Politics Interrupted

Feb 2013

Pages 1 2 | اردو

On the first day of Qadri’s sit-in near Parliament, all eyes were on the cleric, the military and the judiciary. The question of whether or not these three forces were acting in concert with one another is, in Pakistan, a question of political perspective. Liberal analysts have for the past few years spoken about such a nexus, alleging that it seeks the removal of the elected government and its replacement by a “technocratic” civilian government supported by the security establishment. Even if we avoid the polarized debate around this question and assume that Qadri and the Supreme Court were acting in absolute independence from each other on January 15, 2013, it would still be reasonable to say that the net effect of their actions brought Pakistan dangerously close to a soft coup against the elected government.

With the opposition parties rejecting Qadri’s Long March and Imran Khan refusing to join him at that point, little remained for the cleric but to seek an exit from his confrontational protest. This was provided to him by the ruling Pakistan People’s Party (PPP) government and its coalition partners in the form of a “compromise” agreement. The most important fact about this agreement is that it is guaranteed only by the ruling coalition, not the opposition. Leaving aside his more ludicrous demands during the Long March, it appears that Qadri’s main concern was that the military and the judiciary be taken aboard openly as “stakeholders” in the process of forming the interim government for elections. His “compromise” agreement with the government promises merely that Qadri will be consulted in the process, and no more than that. In short, it appears so far to be a face-saving exit for the cleric and his supporters gathered in Islamabad.

Considering that this will be Pakistan’s first ever transfer of power from one elected government to another, the mainstream parties face a tough challenge in upholding constitutionality throughout the process. It was, therefore, an encouraging sight when the opposition parties clearly lined up behind the constitutional prerogative of the elected government to govern, just one day after Qadri began his hullabaloo in the capital. One may safely refer to January 16, 2013 as a day when elected institutions were decisively strengthened against the combined pressure of three unelected forces: the military, the judiciary and an attempted putsch by a mullah.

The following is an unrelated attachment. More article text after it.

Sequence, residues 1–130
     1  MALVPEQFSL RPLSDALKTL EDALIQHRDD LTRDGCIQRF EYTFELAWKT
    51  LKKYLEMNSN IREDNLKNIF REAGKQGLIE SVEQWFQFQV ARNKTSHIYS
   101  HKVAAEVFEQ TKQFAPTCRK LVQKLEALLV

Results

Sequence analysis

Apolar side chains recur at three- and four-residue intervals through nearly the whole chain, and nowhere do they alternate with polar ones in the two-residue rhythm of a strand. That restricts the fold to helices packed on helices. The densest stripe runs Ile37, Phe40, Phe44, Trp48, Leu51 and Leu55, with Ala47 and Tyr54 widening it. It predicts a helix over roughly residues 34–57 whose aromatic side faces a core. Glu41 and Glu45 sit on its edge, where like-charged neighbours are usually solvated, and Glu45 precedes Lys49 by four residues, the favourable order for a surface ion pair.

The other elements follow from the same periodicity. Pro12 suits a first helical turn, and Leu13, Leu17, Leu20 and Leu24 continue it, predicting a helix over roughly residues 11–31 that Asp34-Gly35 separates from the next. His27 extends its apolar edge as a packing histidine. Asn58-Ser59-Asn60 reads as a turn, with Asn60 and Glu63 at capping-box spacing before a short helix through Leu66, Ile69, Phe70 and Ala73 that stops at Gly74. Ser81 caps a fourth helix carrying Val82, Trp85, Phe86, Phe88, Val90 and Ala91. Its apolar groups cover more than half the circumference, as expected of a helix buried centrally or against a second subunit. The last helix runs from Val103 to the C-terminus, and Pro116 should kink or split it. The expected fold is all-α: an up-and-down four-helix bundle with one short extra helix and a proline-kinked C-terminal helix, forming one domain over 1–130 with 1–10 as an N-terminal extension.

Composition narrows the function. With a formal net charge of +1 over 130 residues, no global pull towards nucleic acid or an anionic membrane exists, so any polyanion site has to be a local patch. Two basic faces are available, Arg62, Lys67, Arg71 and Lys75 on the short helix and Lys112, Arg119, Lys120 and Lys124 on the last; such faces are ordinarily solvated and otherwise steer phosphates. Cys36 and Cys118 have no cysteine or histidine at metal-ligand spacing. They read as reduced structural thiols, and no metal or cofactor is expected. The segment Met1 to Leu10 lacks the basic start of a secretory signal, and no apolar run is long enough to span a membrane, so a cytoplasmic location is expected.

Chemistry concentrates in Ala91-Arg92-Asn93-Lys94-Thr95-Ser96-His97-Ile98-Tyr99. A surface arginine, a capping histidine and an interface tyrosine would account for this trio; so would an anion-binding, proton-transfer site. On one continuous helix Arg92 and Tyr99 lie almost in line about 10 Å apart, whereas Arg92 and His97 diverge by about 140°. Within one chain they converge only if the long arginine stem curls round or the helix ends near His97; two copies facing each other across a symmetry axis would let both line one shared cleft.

Having said that, the entire Tahir ul-Qadri episode, along with spiraling ethnic, sectarian and criminal violence in the country, suggests that the whole democratic project in Pakistan must be re-conceived. If the unity of parliamentary parties was a fine moment in our march towards democracy, one must remember that it will not get any finer than this. In a country wracked by economic malaise and conflict, the working masses expect—and deserve—far more from elected governments. For a population suffering the ravages of neo-liberal economic policies, the commitment of its ruling class to a parliamentary system holds little real significance. Existing electoral politics are based heavily on a system of patronage with political parties struggling to gain the loyalty of local elites in any electoral constituency. In such an electoral process, what is contested is not actual questions of wealth redistribution, employment or civil liberties, but kinship networks and cynical number games. The mainstream political parties have so far failed to offer an alternative to neo-liberal social and economic policies which have to be enforced by the coercive apparatus of the state—one that includes sectarian outfits like those that laid waste the Hazara community.

Perhaps, it is not for nothing that unelected messiahs are able to rattle parliamentary democracy with such impunity. Perhaps, there is a reason why electoral politics can be repeatedly held hostage by the military and other unelected institutions of the state. Democracy may well be administered through a constitution, but its basis is not in some abstract concept of the rule of law. Popular legitimacy is the final basis of democracy. If democracy is not deepened in Pakistan through increased participation and economic justice, there will always be a political crisis in the country: the crisis of popular legitimacy.

Ziyad Faisal is a student of economics at the Universita Bocconi in Italy. He is affiliated with the Awami Workers’ Party and the National Students’ Federation in Pakistan. He tweets at @Ziyad_F.

Other articles >>

Help Tanqeed continue to bring you strong analysis and great journalism. Donate, so we can carry on the conversation.

Pages: 1 2 3 4

Tags: , , , , , , ,

One Response to Politics Interrupted

  1. […] rule. Malik Siraj Akbar and Sajjad Hussain Changezi discuss the  aftermath. Ziyad Faisal considers the politics of another protest: the Tahir ul-Qadri march on […]

Leave a Reply

Your email address will not be published. Required fields are marked *